Sluggish growth could last for decades, economists say.
Melanie Stetson Freeman / Staff
Once the great recession ends, don’t break out the party hats. What follows it could be a period of growth so weak that the average American’s standard of living may not reach its 2007 level for years.
Americans will have “to live a little differently,” says Harald Malmgren, a Washington economic consultant. He forecasts that the United States economy will not bounce back to the 3 or 4 percent average real annual growth rate for gross domestic product (GDP – the output of goods and services) that has prevailed for several decades. Rather he sees “sluggish growth” for not just a year or two, but possibly decades. That means consumers’ discretionary purchases are going to be “pretty limited,” he adds.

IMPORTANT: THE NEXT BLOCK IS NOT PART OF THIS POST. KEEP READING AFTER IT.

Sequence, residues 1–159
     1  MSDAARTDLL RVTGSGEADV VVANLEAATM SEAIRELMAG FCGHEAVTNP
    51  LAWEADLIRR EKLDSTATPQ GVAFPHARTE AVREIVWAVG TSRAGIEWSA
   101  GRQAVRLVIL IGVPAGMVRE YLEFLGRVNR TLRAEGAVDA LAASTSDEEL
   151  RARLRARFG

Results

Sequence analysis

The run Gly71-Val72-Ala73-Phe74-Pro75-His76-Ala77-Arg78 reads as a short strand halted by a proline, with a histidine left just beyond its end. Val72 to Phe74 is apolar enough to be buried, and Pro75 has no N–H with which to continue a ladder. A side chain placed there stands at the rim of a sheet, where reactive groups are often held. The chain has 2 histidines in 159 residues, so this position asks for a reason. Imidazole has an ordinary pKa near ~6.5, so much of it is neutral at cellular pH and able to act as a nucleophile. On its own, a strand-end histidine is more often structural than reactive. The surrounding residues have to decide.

Every downturn has its share of doom-sayers. But even a cheerier economist, Nariman Behravesh, of IHS Global Insight in Lexington, Mass., doesn’t dismiss the idea of a lower US standard of living. He forecasts a modest GDP growth rate of 2.5 to 3 percent a year, not enough to bring down unemployment to a reasonable rate soon.
The concern that these economists share is that confidence-shaken Americans have switched from a habit of spending like crazy to saving like crazy. So domestic consumption will not give the economy a big surge of growth in the near future.